Media agencies: Who will buy what

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For as much time as is spent talking to media buyers about how the networks will perform during the upfront-Will NBC slash prices? How much will ABC's dramas command?-the networks spend relatively little time dishing about the media agencies.

With billions of dollars of upfront advertising in their hands, media planners and buyers are expected to be TV critics, marketplace prognosticators, savvy negotiators and, at upfront time, insomniacs.

Certain deals are predictable, according to network and buying executives- OMD will strike an early deal with MTV Networks, MindShare will typically do something with Discovery-though consolidation has chipped away at some of the identities agencies used to have.

"Five or six years ago, it was much easier to characterize buying shops," says a cable executive. "But if you've got $2 billion to write in the TV upfront, you've got volume in every area of the market, and you've got to do deals with everyone."

Omnicom Group's OMD, with a host of young-skewing brands, will place money at the more youthful networks-the MTVs, the WBs and the Foxes of the TV universe. As the biggest buyer of Super Bowl ad time, it will also negotiate several spots in the big game, for which Walt Disney Co.'s ABC Sports/ESPN is compiling cross-channel multimedia buys. One of OMD's biggest integrated buys was a deal with NBC Universal's Sci Fi Channel that integrated 10 of its brands into the miniseries "Five Days to Midnight."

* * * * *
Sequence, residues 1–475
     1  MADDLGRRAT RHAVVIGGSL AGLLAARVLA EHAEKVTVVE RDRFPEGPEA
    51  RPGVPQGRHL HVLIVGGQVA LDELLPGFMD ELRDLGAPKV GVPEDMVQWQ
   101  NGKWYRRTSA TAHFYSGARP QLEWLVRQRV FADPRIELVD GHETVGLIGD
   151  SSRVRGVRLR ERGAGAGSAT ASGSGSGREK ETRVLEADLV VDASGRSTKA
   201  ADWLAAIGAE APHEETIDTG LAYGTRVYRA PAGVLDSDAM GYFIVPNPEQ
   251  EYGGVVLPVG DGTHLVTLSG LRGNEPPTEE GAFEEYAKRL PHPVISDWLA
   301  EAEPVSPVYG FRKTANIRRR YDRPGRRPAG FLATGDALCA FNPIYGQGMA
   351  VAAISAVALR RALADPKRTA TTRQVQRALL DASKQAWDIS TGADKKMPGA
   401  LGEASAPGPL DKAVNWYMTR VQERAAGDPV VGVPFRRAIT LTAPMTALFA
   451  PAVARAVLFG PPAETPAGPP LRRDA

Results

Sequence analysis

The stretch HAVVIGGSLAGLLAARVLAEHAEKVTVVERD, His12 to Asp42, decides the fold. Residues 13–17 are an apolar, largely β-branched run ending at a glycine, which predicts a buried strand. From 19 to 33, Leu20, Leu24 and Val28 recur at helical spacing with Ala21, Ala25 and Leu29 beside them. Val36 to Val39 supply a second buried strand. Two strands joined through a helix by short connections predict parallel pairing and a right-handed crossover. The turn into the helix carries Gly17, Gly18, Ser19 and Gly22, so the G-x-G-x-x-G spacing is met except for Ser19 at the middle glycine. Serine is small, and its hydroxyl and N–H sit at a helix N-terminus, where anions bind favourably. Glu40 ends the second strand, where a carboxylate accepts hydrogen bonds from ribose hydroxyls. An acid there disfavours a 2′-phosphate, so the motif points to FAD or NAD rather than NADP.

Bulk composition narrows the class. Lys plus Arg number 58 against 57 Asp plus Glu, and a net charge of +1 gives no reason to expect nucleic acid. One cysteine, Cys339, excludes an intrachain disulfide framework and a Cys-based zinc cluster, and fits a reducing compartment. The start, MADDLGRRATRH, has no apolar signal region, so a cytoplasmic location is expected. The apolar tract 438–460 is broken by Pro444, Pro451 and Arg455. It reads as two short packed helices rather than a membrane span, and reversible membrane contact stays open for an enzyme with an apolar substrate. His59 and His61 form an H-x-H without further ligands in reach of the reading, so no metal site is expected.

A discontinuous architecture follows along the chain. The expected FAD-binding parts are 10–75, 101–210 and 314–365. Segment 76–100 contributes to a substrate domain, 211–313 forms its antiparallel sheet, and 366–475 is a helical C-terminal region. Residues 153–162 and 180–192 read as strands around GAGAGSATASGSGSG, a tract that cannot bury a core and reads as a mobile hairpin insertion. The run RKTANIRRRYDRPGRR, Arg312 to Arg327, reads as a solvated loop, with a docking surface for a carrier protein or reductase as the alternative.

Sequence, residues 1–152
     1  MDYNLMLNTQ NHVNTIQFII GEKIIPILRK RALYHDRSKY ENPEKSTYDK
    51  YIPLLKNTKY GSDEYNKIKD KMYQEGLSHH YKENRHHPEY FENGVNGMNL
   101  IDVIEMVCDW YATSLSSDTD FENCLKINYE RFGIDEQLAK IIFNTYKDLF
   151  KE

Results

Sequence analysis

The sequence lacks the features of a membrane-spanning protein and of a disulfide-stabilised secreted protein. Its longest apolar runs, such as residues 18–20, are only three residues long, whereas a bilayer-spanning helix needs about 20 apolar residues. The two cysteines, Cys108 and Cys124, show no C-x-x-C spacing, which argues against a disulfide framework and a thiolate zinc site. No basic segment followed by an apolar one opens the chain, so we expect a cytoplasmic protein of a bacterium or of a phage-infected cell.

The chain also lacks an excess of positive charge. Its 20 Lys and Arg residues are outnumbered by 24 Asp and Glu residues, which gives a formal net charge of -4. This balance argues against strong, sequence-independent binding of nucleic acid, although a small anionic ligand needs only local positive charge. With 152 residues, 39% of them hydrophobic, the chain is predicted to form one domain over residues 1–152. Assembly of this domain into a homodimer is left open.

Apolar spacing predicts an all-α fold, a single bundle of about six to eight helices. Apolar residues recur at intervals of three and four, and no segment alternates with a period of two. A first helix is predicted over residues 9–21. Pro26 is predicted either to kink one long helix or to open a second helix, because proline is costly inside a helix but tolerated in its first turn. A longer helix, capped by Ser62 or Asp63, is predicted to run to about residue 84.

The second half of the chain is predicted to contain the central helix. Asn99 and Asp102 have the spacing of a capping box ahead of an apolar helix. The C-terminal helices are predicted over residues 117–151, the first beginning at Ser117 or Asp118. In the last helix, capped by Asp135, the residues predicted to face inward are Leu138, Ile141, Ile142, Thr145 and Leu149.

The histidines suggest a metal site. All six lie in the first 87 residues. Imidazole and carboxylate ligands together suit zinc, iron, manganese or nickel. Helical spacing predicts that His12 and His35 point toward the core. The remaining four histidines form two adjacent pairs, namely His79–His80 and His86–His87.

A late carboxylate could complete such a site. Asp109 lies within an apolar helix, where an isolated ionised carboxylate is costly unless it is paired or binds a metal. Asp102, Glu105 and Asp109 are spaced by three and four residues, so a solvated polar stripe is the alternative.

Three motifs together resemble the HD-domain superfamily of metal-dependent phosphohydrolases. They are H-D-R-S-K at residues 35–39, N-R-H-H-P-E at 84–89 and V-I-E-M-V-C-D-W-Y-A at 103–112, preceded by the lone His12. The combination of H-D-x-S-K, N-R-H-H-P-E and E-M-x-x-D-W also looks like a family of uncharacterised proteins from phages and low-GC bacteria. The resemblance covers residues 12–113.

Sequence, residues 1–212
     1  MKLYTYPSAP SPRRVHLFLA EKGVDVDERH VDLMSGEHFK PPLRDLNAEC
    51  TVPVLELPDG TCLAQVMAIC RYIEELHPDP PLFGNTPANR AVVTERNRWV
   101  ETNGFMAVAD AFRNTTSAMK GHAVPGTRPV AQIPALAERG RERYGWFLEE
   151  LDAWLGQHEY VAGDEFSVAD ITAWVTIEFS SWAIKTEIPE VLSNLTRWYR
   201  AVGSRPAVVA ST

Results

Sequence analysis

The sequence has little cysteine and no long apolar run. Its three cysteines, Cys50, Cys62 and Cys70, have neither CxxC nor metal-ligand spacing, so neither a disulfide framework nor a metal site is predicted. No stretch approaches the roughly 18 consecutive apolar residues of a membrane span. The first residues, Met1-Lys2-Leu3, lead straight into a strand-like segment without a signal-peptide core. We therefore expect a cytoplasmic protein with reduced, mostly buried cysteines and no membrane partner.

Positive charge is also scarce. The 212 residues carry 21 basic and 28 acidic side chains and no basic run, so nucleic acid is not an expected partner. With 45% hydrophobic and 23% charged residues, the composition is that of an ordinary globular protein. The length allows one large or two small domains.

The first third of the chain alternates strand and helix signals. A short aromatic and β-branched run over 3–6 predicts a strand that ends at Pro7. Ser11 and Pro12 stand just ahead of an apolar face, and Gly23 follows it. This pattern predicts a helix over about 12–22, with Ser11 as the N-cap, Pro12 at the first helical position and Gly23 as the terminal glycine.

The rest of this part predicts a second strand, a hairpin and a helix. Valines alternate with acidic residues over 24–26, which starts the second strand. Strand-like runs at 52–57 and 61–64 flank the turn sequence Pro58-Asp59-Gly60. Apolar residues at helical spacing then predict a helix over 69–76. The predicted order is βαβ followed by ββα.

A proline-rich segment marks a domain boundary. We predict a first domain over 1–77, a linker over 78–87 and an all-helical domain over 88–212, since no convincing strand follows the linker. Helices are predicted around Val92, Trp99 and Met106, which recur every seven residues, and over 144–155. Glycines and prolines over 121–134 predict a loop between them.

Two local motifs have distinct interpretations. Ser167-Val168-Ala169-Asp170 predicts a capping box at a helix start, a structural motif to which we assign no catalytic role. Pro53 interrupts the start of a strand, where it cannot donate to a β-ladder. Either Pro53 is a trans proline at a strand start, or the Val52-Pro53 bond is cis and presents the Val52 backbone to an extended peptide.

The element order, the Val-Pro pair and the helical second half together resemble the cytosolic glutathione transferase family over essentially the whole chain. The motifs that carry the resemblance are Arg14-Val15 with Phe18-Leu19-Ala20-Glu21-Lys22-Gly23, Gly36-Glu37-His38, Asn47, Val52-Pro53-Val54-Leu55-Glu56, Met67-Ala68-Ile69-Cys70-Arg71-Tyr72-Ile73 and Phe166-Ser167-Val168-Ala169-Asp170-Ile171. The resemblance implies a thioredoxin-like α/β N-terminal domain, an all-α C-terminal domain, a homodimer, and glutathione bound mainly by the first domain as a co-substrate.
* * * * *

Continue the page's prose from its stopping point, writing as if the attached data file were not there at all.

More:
At WPP Group's GroupM, which according to media-tracking group RECMA handles $47 billion in global media among MindShare, Mediaedge:cia, Maxus and the recently added MediaCom, each agency has its own strategy but "it's all put together at the Irwin [Gotlieb] level," says one media executive. Pre-upfront, the various national broadcast groups will team up to develop audience estimates for new and returning shows, and coordinate strategies.

Mr. Gotlieb, CEO of GroupM, will listen in on conversations and get involved with the broad strategies and the analytics, but he doesn't typically get on the phone unless something is going awry. Within GroupM, MediaCom Chairman Jon Mandel is known as a tough-nosed negotiator, Mediaedge Chief Investment Officer Rino Scanzoni is known as the dealmaker and MindShare North America President-CEO Marc Goldstein thinks about value. "I would like to be a fly on the wall between them," says an executive at another media agency.

MindShare consistently rates among network heads as one of the most creative buying agencies, with such noted successes as integrating Sears, Roebuck & Co. into ABC's "Extreme Makeover: Home Edition." Last year, the agency built on that relationship, writing an ABC Family deal that made the retailer the primary sponsor of its Friday-night movie series-the network overall is up 12% in 18-49s this season. MindShare also created "The Days," which aired on ABC and featured several of its clients.